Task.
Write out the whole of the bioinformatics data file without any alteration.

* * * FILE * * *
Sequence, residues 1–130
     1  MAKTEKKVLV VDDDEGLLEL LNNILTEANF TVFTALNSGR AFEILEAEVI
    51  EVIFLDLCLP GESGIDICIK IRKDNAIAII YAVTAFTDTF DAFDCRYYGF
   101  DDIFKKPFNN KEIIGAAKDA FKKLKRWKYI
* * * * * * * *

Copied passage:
Sequence, residues 1–130
     1  MAKTEKKVLV VDDDEGLLEL LNNILTEANF TVFTALNSGR AFEILEAEVI
    51  EVIFLDLCLP GESGIDICIK IRKDNAIAII YAVTAFTDTF DAFDCRYYGF
   101  DDIFKKPFNN KEIIGAAKDA FKKLKRWKYI